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This country is a lunatic asylum with the inmates running the place...

Allowed to stay here - because he is a risk to
people in his own country if deported!

Over 100 foreign criminals and illegal immigrants have used the European 'right to a family life' to avoid deportation from the UK in the past year.

Article Eight of the European Convention on Human Rights - guaranteeing the 'right to a family life' - has helped a total of 102 people frustrate the deportation process.

These include a number of violent criminals and illegal immigrants who had no other right to remain in the country.

In one case, a foreign criminal who used Article Eight was a violent thug and drug dealer who beat his girlfriend and failed to pay child maintenance.

None claimed they would be in danger of torture or abuse if they were sent back to their home countries.

Conservative MP Dominic Raab, who got hold of the figures, told the Sunday Telegraph: 'Before the Human Rights Act, no criminal had ever claimed a right to family life to frustrate a deportation order in this country.

'It is high time we changed to law, to restore some common sense and retain public confidence in out border controls.'

In 2010, 233 appeals against deportation were made. Of these, 149 were successful on human rights grounds - 102 of them citing Article Eight alone.

Just 35 were under Article Three, which protects people from being killed or tortured if returned to an unsafe country. The rest used a mix of Articles.

The figures from HM Courts Service show Article Eight is the number one reason foreign criminals or illegal immigrants managed to defeat deportation.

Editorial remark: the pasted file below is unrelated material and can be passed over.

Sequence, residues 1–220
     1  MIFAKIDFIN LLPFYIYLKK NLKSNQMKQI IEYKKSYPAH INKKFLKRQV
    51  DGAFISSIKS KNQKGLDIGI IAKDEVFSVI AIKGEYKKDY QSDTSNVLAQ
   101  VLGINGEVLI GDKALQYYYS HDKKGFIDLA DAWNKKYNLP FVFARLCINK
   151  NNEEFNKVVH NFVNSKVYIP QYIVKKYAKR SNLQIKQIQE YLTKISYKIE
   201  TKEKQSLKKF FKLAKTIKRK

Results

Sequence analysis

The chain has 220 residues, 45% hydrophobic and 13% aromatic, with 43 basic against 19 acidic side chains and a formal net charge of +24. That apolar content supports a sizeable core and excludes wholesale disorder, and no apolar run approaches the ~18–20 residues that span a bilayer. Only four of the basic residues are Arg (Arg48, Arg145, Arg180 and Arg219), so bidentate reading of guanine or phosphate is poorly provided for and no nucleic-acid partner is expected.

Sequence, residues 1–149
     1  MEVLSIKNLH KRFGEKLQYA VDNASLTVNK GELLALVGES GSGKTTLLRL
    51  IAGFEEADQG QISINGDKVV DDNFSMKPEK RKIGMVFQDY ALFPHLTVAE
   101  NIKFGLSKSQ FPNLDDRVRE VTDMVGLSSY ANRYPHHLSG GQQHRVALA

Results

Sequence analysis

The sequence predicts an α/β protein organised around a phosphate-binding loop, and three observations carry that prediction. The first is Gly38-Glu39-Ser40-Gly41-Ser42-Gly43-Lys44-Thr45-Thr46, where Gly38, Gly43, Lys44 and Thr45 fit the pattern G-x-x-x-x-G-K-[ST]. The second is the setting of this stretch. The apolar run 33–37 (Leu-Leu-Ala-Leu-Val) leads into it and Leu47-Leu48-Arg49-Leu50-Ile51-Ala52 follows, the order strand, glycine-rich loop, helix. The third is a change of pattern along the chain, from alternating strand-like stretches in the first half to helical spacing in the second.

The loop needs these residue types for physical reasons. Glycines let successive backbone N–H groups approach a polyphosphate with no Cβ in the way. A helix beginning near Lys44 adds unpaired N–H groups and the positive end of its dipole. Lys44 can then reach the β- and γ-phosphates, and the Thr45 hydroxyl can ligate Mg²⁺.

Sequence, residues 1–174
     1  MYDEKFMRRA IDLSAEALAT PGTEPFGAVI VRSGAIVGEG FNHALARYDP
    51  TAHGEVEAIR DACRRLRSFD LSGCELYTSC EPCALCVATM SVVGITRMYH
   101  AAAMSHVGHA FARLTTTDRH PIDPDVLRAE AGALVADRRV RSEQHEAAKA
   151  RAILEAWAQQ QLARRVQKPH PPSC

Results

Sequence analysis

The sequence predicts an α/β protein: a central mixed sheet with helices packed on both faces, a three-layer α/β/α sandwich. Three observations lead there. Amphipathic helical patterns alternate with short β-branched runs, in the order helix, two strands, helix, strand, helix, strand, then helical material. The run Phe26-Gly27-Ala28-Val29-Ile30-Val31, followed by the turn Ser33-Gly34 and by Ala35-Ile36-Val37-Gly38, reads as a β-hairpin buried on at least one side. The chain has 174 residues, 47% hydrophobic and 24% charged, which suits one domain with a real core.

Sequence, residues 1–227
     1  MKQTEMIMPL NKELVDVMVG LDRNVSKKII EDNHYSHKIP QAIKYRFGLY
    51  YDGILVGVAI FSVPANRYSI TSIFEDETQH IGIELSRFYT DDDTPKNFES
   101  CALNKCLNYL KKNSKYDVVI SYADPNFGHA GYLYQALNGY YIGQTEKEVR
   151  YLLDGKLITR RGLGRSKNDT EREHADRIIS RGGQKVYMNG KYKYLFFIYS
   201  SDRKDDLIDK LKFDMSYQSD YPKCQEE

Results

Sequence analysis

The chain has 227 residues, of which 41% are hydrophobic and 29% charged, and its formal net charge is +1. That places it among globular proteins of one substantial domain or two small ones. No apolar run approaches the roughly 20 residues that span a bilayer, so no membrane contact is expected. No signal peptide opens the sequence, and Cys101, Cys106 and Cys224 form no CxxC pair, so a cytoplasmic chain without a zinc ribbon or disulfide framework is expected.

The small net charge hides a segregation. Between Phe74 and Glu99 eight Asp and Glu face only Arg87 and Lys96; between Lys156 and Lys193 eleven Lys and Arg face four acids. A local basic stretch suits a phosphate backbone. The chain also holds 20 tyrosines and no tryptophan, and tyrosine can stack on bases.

The Home Secretary, Theresa May, had ordered the North London-based violent drug dealer - who can only be named as AP because judges kept his identity a secret - sent back to Trinidad.

According to the Sunday Telegraph, he has a five-year-old daughter, from whom he provided no care nor any maintenance payments, but he still won his fight against deportation thanks to his 'right to a family life'.

His is just the latest case of Article Eight being used to halt the deportation process. Others include:

A Sri Lankan robber allowed to remain here because he has a girlfriend in Britain.

An Iraqi killer who, judges ruled, should not be sent back because he would pose a risk to people in his home country.

A Bolivian man who was able to stay partly because he owned a pet cat.

AP - the violent drug dealer who has just been given leave to stay - was jailed for 18 months by Ipswich Crown Court in May 2008 for possession of cocaine with intent to supply.

His criminal record also included battery of his partner in 2007.

Home Office officials told him they intended to deport him back to the Caribbean after he had served his sentence.

But he appealed and after his release from jail at the beginning of 2009 he told a tribunal he was remorseful and getting his life back on track.

Two days later he was caught in possession of cocaine and fined £75.

But a tribunal ruled AP should not be deported in March 2009. The judges said: 'We are satisfied that the effect of his proposed removal on all members of his family unit in the UK would result in removal being disproportionate, especially since he has a child who has a strong bond with him and he with her and we have heard credible evidence that he is a good and caring father.'

Despite an appeal by the Home Secretary, AP's right to stay was upheld for Lord Justice Longmore, Lord Justice Carwath and Lord Justice Rimer at the Court of Appeal last month.

The European Convention on Human Rights was made UK law by the passing of the Human Rights Act by Tony Blair's Labour government in 1998.

Controversy has raged around it ever since as its provisions take precedence over other British law.



© 2011 British People's Party, BM Box 5581, London WC1N 3XX